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Wednesday, 18 November 2020 - 3.00pm

Having been suspended since late March as a result of the COVID-19 catastrophe, the monthly seminar run by the Cambridge Forum for Legal & Political Philosophy will resume on Wednesday, November 18th, at 3:00pm, through Zoom.  The seminar will be chaired by Adam Stewart-Wallace, a former Cantabrigian philosopher who is now a barrister practicing in London.  For his talk with which he will open the seminar, he will be presenting a short paper of his on "Legal Truth as Assessment-Sensitive."  For the reading, he is assigning an article by John MacFarlane on "Future Contingents and Relative Truth."  Below is a message from Adam in which he explains his choice of the article as the assigned reading.  The article is freely available on the Web from the Philosophical Quarterly.

The seminar will take place through Zoom.  Here is the Zoom invitation:

Law Zoom 1 is inviting you to a scheduled Zoom meeting.

Topic: CFLPP Monthly Seminar - November 2020

Time: Nov 18, 2020 03:00 PM London

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Meeting ID: 983 1577 4594

Passcode: 885343



The paper I am suggesting for the reading is John MacFarlane’s seminal presentation of the view he likes to call ‘assessment-sensitivity’ or ‘relativism’:

‘Future Contingents and Relative Truth’, The Philosophical Quarterly, Vol 53 No. 212.

Given that this is a forum for legal and political philosophy I should explain why I have suggested we read a paper about a philosophical puzzle regarding time. I’ve chosen it because I think it neatly illustrates MacF’s approach to relative truth/assessment sensitive truth. In my own paper I try to apply that general template to legal truth, which is something neither MacF nor to the best of my knowledge anyone else has done.

Those of you familiar with MacF’s work will know that he has a basic semantic idea which he then applies to different areas. There is a lot of logical gubbins in the paper that may or may not be familiar to readers, and if you are coming to the topic for the first time these may be a bit of a distraction from the main point. What MacF is doing is showing how various other attempts at logical chicanery don’t work to solve the problem he is interested in, before offering his own solution, which is really what is distinctive.

MacF’s underlying idea about semantics is fairly simple: it’s that whether or not a given proposition is true is relative not only to a ‘context of use’ but also a ‘context of assessment’. It’s the introduction of the second context – the context of assessment – that is the innovative bit of MacF’s thinking. Ordinary semantic theories only posit the first kind of context.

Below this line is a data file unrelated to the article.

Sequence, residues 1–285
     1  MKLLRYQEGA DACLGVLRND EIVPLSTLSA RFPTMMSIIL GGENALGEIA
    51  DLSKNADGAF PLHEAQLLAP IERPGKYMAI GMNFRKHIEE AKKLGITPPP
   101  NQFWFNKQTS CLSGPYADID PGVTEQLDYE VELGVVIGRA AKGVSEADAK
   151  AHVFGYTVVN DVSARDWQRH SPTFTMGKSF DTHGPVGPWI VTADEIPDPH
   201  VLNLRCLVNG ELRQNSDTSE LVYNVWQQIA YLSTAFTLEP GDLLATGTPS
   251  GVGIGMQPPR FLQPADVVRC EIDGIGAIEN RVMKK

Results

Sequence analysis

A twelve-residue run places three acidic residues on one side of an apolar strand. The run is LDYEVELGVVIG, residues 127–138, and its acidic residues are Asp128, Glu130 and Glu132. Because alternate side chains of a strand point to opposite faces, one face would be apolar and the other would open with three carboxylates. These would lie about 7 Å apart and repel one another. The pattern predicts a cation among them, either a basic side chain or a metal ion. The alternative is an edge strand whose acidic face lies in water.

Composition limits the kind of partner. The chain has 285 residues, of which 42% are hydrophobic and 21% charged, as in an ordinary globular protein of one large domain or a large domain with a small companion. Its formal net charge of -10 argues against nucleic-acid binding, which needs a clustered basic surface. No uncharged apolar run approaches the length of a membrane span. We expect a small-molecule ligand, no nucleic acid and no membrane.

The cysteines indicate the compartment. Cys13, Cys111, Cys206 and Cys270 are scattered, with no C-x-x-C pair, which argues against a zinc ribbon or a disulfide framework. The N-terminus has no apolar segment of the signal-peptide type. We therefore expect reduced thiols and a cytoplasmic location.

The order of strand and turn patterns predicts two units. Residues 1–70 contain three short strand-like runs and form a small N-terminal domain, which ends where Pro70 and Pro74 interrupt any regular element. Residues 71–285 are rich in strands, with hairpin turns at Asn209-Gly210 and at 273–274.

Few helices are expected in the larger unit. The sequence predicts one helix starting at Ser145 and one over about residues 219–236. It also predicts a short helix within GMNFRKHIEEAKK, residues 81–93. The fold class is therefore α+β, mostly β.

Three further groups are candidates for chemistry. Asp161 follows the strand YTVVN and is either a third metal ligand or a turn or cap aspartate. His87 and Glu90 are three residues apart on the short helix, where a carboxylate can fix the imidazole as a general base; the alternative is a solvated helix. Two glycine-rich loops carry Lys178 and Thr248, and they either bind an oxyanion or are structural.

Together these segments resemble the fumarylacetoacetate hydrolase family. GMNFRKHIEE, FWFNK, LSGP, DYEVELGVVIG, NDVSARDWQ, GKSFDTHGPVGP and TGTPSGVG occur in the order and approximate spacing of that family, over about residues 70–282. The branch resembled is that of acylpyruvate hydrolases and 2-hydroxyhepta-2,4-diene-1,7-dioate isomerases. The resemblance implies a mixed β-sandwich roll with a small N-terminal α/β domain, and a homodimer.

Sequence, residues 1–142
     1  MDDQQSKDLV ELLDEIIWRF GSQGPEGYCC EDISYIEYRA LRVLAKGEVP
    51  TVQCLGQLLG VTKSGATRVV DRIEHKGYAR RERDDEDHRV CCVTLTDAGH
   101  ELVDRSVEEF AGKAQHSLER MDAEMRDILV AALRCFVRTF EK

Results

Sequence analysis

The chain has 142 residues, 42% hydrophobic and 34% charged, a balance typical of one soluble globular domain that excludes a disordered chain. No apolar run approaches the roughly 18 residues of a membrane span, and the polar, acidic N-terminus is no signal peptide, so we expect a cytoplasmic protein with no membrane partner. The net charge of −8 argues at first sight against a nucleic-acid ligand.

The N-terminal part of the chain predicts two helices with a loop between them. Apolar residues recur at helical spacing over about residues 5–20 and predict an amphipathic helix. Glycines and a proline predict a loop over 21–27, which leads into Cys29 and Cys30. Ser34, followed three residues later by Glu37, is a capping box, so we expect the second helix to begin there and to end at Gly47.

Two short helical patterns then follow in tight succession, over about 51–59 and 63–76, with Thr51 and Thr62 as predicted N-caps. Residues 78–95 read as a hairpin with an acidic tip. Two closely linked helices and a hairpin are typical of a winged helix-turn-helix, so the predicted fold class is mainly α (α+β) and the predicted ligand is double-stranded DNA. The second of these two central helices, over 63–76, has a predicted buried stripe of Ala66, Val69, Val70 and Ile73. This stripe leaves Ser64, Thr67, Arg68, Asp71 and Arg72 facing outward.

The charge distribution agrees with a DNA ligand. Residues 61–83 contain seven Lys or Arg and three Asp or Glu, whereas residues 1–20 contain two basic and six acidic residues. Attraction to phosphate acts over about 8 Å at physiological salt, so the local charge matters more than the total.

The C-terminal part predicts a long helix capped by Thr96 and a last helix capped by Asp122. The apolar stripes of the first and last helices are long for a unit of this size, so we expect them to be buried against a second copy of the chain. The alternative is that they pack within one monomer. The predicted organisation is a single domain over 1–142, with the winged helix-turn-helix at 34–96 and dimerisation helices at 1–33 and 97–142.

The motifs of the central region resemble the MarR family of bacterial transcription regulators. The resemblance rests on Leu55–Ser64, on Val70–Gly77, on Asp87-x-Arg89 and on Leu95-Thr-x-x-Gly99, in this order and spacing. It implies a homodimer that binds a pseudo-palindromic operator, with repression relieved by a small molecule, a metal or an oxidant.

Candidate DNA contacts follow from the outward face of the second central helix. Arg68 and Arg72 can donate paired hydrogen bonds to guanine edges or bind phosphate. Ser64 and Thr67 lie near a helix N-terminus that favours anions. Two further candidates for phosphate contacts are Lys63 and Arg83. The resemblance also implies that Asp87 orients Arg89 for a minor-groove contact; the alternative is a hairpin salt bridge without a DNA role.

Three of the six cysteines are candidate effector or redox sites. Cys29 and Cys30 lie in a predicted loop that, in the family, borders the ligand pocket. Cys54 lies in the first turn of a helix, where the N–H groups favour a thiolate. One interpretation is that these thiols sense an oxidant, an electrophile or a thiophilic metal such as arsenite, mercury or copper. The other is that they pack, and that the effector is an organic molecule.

In the suggested reading MacF attempts to apply this template to future contingents, i.e. statements like ‘There will be a sea battle tomorrow’. His view is that only if we accept there are these two types of context can we explain the conditions under which statements like this are true. At slightly more length, his view is that if the future is genuinely open, i.e. it is not yet determined whether there is going to be a sea battle, then we should think of time/reality as having different branches, some on which the battle occurs and some on which it does not. Thus, from your initial position in time, when you make the statement (the context of use), it can’t (yet) be determinately true, as all these branches are open ahead of you.  Now, however, consider that utterance from the point of view of the future branches. On some of these branches the battle will have happened and on some it won’t. From the perspective of the branches on which it did, it will be right to look back at (assess) your earlier utterance as true, and from the perspective of the branches on which it did not, it will be right to look back at (assess) the earlier utterance as false. On this model, it is vital that we have these two types of context in play. Only by so doing, thinks MacF, can we accurately account for the conditions under which future contingents are true.

My paper applies MacF’s idea that we need to distinguish between two types of context (use and assessment) to legal truth as opposed to future contingents. Very roughly, the contextual parameters when it comes to legal propositions aren’t branches in time; they are court rulings or occasions for rulings. In a nutshell, I suggest that in order to explain what it takes for a legal proposition to be true, one has to factor in both the context in which a particular ruling or assertion is made and also (sometimes) a further context of assessment by some further court on a different occasion. At least, this, I say, is necessary when considering a system that works at all like the English and Welsh system works, with its approach to binding precedent.

Other reference works that might be helpful:

The SEP entry by Maria Baghramian on relativism has a good section on ‘New Relativism’ that may be helpful to give an overview of MacF’s theory.

Another useful resource is MacF’s book, which is online at

The first chapter gives an overview of assessment sensitivity/relativism.